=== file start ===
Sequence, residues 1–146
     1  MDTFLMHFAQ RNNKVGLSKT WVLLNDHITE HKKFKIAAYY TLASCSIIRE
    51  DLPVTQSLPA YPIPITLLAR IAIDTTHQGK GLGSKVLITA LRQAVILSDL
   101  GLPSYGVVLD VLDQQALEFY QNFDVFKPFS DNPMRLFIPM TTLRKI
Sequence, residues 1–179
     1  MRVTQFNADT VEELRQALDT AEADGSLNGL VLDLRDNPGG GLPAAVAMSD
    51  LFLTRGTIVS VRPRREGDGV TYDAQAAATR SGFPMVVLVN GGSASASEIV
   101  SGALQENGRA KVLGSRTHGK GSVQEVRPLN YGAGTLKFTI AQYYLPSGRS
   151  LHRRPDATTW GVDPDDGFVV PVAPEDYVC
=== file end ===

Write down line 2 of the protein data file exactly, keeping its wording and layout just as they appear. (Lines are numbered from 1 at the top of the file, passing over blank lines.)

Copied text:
     1  MDTFLMHFAQ RNNKVGLSKT WVLLNDHITE HKKFKIAAYY TLASCSIIRE